Reform, don't just cut Food Stamps

Published on Friday, 27 September 2013 23:12 - Written by

Republicans shouldn’t try to have it both ways. They can’t excoriate President Barack Obama on the economy, and the paltry job growth that limits first-time and low-skill jobseekers, and at the same time demand cuts in the food stamps the poor and working poor are depending on in this lingering recession.

What’s more, cuts to food stamps are meaningless without reform to the Supplemental Nutrition Assistance Program (SNAP, the formal name for food stamps).

Now, several of the right’s leading think tanks are offering this advice.

“There’s been an 80 percent rise since 2007 in the number people on food stamps, officially the Supplemental Nutrition Assistance Program,” the American Enterprise Institute reports. “Liberal groups are aghast that House Republicans want to cut $40 billion over ten years from the $80 billion a year program. The Center on Budget and Policy Priorities calls the House GOP bill ‘harsh.’ The CBPP notes that many of the 3 million to 4 million Americans losing benefits are unemployed, childless adults in high unemployment areas and ‘low-income families who have gross incomes above the federal SNAP limits but disposable income below the poverty line.’”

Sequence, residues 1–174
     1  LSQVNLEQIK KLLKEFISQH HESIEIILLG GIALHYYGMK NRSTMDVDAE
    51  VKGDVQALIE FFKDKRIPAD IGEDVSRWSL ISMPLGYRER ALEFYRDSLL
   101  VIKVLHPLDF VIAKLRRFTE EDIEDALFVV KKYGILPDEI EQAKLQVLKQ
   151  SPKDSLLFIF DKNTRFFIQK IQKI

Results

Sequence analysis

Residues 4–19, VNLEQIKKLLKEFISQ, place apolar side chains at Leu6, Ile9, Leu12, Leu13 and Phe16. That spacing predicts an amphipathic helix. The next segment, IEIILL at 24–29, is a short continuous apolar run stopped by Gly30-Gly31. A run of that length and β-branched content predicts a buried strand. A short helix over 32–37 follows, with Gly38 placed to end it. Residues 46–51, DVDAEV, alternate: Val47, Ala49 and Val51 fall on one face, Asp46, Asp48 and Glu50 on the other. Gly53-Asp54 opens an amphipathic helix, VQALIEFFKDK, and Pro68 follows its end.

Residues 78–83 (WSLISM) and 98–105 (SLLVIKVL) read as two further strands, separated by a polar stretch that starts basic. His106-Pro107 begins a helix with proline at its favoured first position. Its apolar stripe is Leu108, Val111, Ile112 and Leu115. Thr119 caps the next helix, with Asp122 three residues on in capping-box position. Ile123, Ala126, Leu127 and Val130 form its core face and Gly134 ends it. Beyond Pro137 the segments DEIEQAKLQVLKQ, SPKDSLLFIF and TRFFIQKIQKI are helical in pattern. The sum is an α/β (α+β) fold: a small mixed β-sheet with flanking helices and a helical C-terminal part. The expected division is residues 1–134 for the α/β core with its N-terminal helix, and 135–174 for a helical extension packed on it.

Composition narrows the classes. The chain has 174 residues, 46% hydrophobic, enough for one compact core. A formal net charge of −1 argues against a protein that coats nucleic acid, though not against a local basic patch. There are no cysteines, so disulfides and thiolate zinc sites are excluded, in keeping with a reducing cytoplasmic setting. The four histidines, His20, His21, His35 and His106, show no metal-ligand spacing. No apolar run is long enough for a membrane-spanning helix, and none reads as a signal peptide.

Those are people that even the Republicans acknowledge need help in this economic climate. That’s why the GOP shouldn’t be in such a hurry to cut food stamps for the sake of cutting.

“Indeed, long-term unemployment remains abnormally and persistently high more than four years after the recession’s official end,” AEI says. “A recent study on America’s back-to-back-to-back jobless recoveries has more questions than answers. If GOPers are looking for budget savings, (economist Tyler) Cowen suggests ‘more wasteful targets, including Medicare and also defense spending, not to mention farm subsidies.’”

The Heritage Foundation, another heavy hitter on the right, agrees that cuts without reform would be ineffective (the next Congress could come along and restore the funding, and we’d be back where we started).

The Foundation’s Rachel Sheffield says the first step should be to separate food stamps from the farm subsidies and guarantees in the rest of the Farm Bill. The next step would be to do what worked so well with welfare reform in 1996.

“The current bill encourages work among able-bodied recipients but only through an optional program,” she writes. “To encourage self-sufficiency and independence for all, food stamps should be converted into a work activation program. A new reform should make it mandatory — rather than merely optional, as the House proposal does — for states that receive federal food stamp dollars to implement a work program for able-bodied adult recipients. Similar to the 1996 welfare reform, a new reform should require able-bodied adults to work, prepare for work, or at the very least look for work in exchange for receiving food stamp assistance.”

Is there fraud and waste in the food stamp programs? Of course. But simple cuts in funding will do nothing to reform the system. In fact, as we’ve seen in the recent “sequestration” debacle, the Obama administration is willing to make sure that cuts “hurt” to create political pressure for restored funding.